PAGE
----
When you nod or cross your arms in response to information, your own positive or negative body language could affect how you continue to process the flow of information. As social psychologist Amy Cuddy has written and spoken about, body language can change not only others’ perception of your power status but also your own internal hormonal balance and behavior. (Others have noted the link between nonverbal behavior and confirmation bias as well, such as this Forbes article.)

Solutions?

  • Try not to let a large, complex decision become overly influenced by an initial, small decision in that area. One good solution is to seek out input from a group, where the members of the group have each assessed the same question independently. For example in valuing a case, asking a colleague to look at the facts and value it (without knowing your own assessment) would help check your work for confirmation bias.
  • Slowing down enough to consider the analysis while asking questions from different angles can help combat confirmation bias, as suggested here. Lawyers have the benefit of analytical patterns such as “What would the other side say?” and “How would a judge look at this?” But at the same time, these patterns of thinking could create a confirmation bias toward lawyerly pessimism. Examining the question from different angles also means asking whether an intuitive “no, this won’t work” could be turned into a “win-win.”
  • In conversations lawyers may want to hold themselves back from commenting too soon on a matter. Whether an initial comment is a hesitant “here’s why it won’t work” or an enthusiastic “yes!”, once the listener has chimed in with an opinion, confirmation bias will make it hard for the listener to interpret the rest of the conversation in an unbiased fashion.
  • Lawyers should also be vigilant about their own strategy for managing conversations. Taking over a conversation may be necessary to keep it relevant and efficient. But taking over a conversation also implicates the confirmation bias of the one managing the conversation. Information that doesn’t fit the dominant narrative may be suppressed.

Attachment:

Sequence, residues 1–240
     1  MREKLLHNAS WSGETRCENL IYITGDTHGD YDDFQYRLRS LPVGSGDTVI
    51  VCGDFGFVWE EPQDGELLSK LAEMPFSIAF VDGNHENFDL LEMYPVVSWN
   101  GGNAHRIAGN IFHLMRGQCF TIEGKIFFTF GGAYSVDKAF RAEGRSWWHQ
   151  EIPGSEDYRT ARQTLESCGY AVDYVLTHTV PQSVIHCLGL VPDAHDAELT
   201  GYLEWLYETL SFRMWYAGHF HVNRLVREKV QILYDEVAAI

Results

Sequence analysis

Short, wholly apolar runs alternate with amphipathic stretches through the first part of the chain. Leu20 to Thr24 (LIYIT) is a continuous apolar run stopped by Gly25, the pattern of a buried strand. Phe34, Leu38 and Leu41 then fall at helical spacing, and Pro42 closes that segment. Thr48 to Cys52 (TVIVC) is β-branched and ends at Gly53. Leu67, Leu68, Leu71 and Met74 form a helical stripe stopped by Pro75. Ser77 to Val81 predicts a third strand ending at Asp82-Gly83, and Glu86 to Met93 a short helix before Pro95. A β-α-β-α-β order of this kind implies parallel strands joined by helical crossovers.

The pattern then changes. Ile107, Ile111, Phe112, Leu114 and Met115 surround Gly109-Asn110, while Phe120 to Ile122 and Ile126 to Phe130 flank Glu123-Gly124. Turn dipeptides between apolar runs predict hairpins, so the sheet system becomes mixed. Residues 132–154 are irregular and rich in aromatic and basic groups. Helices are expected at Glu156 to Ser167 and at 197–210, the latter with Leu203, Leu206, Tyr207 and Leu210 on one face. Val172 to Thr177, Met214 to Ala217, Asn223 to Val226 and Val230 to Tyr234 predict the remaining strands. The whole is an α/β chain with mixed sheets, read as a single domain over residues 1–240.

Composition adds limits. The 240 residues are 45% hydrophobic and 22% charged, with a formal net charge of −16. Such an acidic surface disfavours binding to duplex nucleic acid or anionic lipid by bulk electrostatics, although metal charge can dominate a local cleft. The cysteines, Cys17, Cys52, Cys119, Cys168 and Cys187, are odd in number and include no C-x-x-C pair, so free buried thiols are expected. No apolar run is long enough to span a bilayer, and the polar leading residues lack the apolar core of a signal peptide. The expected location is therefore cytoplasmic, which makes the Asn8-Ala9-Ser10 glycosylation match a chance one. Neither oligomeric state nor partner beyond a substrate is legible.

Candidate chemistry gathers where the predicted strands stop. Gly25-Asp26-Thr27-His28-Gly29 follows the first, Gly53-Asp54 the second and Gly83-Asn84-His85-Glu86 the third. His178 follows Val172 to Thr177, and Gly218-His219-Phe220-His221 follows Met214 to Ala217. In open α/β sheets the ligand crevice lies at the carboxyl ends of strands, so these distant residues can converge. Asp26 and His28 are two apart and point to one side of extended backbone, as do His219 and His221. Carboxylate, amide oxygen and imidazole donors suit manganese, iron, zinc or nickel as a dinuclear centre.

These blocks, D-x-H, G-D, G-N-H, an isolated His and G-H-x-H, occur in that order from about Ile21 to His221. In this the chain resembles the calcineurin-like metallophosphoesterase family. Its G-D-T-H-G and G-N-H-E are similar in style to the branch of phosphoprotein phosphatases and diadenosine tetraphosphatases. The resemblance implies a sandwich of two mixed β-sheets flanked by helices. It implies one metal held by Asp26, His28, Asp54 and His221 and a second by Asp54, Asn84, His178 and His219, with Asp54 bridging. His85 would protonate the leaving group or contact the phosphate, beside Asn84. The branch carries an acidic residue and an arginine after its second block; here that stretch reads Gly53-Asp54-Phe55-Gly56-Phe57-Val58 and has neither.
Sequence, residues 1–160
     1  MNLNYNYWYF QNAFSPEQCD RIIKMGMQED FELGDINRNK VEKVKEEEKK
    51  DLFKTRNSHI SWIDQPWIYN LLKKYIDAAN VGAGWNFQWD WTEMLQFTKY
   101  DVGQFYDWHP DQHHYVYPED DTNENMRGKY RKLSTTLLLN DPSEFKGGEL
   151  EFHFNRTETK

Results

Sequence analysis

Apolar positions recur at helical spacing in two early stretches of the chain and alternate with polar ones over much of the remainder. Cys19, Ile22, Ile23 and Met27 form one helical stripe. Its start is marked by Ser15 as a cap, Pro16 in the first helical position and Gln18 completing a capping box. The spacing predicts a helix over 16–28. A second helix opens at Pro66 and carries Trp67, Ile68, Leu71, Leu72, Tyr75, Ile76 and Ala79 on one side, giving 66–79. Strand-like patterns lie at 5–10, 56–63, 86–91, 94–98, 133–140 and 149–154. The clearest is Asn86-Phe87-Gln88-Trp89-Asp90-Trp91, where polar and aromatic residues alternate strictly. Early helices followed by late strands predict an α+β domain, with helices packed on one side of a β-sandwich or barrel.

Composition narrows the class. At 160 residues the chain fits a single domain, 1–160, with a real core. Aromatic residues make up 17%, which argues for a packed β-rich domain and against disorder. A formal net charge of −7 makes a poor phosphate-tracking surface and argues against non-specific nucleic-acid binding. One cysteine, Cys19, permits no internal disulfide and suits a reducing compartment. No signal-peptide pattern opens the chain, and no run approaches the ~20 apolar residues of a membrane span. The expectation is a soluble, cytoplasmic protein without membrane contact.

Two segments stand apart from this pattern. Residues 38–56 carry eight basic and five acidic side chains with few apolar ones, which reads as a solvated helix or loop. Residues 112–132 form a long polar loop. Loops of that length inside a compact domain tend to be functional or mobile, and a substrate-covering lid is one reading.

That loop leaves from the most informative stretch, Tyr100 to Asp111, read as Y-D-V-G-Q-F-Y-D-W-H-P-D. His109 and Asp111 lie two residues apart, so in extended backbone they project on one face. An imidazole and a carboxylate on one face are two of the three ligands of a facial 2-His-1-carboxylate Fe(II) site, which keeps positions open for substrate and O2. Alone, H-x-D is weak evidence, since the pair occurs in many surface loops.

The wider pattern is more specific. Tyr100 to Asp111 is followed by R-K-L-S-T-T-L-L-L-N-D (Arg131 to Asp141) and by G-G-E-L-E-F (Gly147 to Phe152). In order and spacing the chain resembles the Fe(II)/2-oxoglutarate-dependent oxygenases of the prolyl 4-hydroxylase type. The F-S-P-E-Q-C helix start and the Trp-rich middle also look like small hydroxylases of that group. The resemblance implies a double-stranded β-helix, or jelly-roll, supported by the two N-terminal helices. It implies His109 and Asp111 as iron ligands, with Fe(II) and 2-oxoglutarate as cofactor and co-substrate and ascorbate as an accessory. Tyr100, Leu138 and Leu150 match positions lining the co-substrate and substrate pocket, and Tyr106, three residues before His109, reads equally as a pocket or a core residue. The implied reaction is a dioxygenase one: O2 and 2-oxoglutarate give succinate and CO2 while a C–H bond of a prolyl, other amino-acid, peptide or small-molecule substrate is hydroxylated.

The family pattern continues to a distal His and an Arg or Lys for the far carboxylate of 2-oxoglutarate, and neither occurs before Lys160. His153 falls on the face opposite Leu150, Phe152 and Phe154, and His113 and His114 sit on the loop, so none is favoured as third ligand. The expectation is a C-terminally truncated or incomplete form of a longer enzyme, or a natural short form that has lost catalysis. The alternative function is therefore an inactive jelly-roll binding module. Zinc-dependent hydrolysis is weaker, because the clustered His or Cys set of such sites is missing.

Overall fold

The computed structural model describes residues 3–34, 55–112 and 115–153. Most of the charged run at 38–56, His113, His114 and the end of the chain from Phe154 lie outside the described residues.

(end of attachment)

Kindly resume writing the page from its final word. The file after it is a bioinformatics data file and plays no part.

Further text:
Emotional biases

Certain cognitive biases have a stronger impact on those who are in a good mood. And it is stronger for people who are powerful or who at least feel powerful. The larger idea, as Kahneman writes, is that “[a] good mood is a signal that things are generally going well, the environment is safe, and it is all right to let one’s guard down.” When that happens, our critical-thinking skills relax somewhat, and the automatic aspects of our thought processes run the show.

These considerations are important in a number of listening situations. Having a face-to-face conversation with a trusted and longtime client may provoke positive mood and possibly also a feeling of power. The positive mood and feelings of power could conceivably affect the lawyer’s cognitive processes.

For example, when fielding the client’s questions about the probability of success in a future matter, the lawyer may rely more heavily on the ease of remembering other recent victories. The lawyer may also want to continue to appear highly effective, and thus may answer questions more quickly and a bit less cautiously.

Likewise, lawyers conducting fact investigations might consider whether they feel positively toward the witnesses they are interviewing. It can be hard to detect that a very likeable person is not being forthcoming. The “affect” bias—having positive feelings of liking toward something—can impact decision-making.

Solutions?

Although it is true that pessimistic thinking is less vulnerable to bias, the solution for lawyers is not to cultivate bad moods and negative thinking. The solutions to affect bias run along the same lines as suggested above:

  • Being aware of the affect bias can help lawyers use their people skills for friendly conversations, of course, without abandoning their critical thinking skills, of course.
  • Using tools such as checklists can help insulate perceptions and decision-making from bias.
  • Delaying answers to questions raised during a friendly conversation can preserve time for slow, careful thinking.

Conclusion

The biases discussed above (the halo effect, confirmation bias, and affect bias) deal with perception and liking, such as liking your own beliefs and the people you’re dealing with. A third and final post in this series will address some additional cognitive biases that can impact lawyers’ analysis and listening:

  • the “anchoring effect,” which occurs when someone offers up the first number in a negotiation, thus anchoring further talks around that number; and
  • the “availability bias,” which distorts our thinking based on the availability of information in our working memory.

As always, please share your thoughts in the comment box or through social media or e-mail. How have you seen cognitive biases affecting the work of lawyers in their role of listeners or otherwise? How have you confronted the impact of these biases?